July 3, 2020 by Greg Meckbach
Despite the pandemic-induced economic downturn, an insurtech that promises tenants quotes within minutes started trading this week on the New York Stock Exchange.
Shares of Lemonade Inc. rose sharply July 2, closing at US$69.41, more than double the price at which it started trading in its initial public offering (IPO).
New York City-based Lemonade uses an artificial intelligence chatbot, dubbed “Maya,” to help clients sign up for renters’ insurance. At the moment, Lemonade does not write coverage in Canada. It also offers homeowners insurance.
Founded in 2015, Lemonade has gained popularity through its use of artificial intelligence and chatbots, Whitby, Ont., brokerage Mitchell and Whale Insurance Brokers Ltd. notes. “Lemonade Insurance is loosely geared towards city dwellers and makes its plans most advantageous for people who fit a certain model.”
Lemonade announced June 25 its 11-million common shares would start trading at US$29 each.
The S&P 500 closed Thursday at 3,130, down from 3,386 on Feb. 19 but up from 2,237 on March 23, which was 12 days after the World Health Organization declared COVID-19 a pandemic. For its part, Canada’s S&P/TSX Composite Index stood at 15,594 Friday afternoon, down from 17,994 on Feb. 20 but up from 11,228 on March 23.
Lemonade, which trades under the ticker symbol LMND, says it aims to replace brokers and bureaucracy with bots and machine learning, “aiming for zero paperwork and instant everything.”
Lemonade placed 25th last year on KPMG’s “Fintech 100,” an annual worldwide ranking of companies that are taking advantage of technology and driving disruption in financial services including P&C insurance.
One of Lemonade’s goals is to pay simple property claims almost instantly. However, Lemonade says there will be cases in which it needs to fully review a loss before approving a claim.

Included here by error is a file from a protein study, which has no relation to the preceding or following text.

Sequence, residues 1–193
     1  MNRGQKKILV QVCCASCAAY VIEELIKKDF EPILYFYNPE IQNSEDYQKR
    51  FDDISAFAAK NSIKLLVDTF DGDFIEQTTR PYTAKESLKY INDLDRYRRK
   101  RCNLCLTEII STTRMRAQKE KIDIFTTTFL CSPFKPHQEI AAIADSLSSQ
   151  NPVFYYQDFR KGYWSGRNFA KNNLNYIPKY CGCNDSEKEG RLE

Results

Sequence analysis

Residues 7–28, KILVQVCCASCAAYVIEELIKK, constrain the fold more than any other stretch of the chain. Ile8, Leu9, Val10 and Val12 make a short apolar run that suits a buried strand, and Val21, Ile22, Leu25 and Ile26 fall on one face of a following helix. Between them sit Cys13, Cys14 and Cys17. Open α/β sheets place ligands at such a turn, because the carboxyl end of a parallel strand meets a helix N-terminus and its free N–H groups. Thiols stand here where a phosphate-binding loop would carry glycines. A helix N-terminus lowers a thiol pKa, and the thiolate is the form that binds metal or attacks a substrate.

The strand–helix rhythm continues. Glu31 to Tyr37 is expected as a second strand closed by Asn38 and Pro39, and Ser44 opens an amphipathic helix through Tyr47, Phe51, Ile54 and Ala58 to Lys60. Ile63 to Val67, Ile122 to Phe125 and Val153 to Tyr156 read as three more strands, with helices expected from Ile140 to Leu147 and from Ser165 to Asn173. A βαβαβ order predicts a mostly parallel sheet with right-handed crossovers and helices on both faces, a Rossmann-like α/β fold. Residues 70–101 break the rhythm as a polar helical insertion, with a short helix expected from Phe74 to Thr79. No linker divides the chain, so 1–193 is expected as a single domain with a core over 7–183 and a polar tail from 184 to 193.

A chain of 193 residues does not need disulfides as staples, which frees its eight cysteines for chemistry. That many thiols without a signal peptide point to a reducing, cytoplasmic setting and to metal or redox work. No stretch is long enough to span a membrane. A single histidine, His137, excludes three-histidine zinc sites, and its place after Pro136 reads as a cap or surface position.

One tech trend the Canadian P&C industry can expect this year is an improvement in customer engagement and experience, said Ralph Chapman, vice president of financial services for IBM Canada in an interview in late 2019.
“We are finding that in some instances, the turnaround time is going from days to minutes – getting quotes, getting approval, process it, and you’re done,” Chapman told Canadian Underwriter, commenting in general on industry tech trends and not on Lemonade in particular. “Your clients can ask questions, file a notice of loss, check on payments or claims status, get quotes – all of the things that would normally involve human interaction and taking a lot of time from start to finish.”
The disruptive nature of companies like Lemonade came up in 2017 at the Insurance Brokers Association of Ontario’s annual convention in Ottawa. During that year’s CEO panel, moderator Jim Harris noted Lemonade aims to settle claims in three seconds.
“The [client] fills out all the questions, he fills out the chatbot, he takes a picture of the police report, he answers all the questions and submits and his claim request goes up into the cloud. It runs against 18 fraud algorithms in real time and three seconds later it says “your claim is approved,’” said Harris, leading to a question for Jean-Francois Blais, then president of Intact Insurance.
Harris asked Blais whether he sees the Lemonade model as a future model for Intact.
“I think Intact is going in that direction for sure. It’s not for tomorrow. This is why we have a lab team that is going to create proofs of concepts and that’s what artificial intelligence is all about,” Blais told Ontario brokers during the IBAO CEO panel in 2017.
I’m not sure whether Lemonade is a tech company or insurance company but one thing I do know for certain after reviewing their financials is that they are definitely a non-profit organization. Buyer beware